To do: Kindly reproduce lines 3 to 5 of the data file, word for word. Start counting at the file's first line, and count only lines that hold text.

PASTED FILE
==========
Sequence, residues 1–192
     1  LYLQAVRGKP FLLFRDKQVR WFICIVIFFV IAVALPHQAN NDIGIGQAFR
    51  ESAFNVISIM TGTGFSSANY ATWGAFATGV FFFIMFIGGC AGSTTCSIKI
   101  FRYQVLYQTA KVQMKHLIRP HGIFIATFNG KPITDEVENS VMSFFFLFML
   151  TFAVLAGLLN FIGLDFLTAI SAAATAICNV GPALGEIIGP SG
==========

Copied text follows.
    51  ESAFNVISIM TGTGFSSANY ATWGAFATGV FFFIMFIGGC AGSTTCSIKI
   101  FRYQVLYQTA KVQMKHLIRP HGIFIATFNG KPITDEVENS VMSFFFLFML
   151  TFAVLAGLLN FIGLDFLTAI SAAATAICNV GPALGEIIGP SG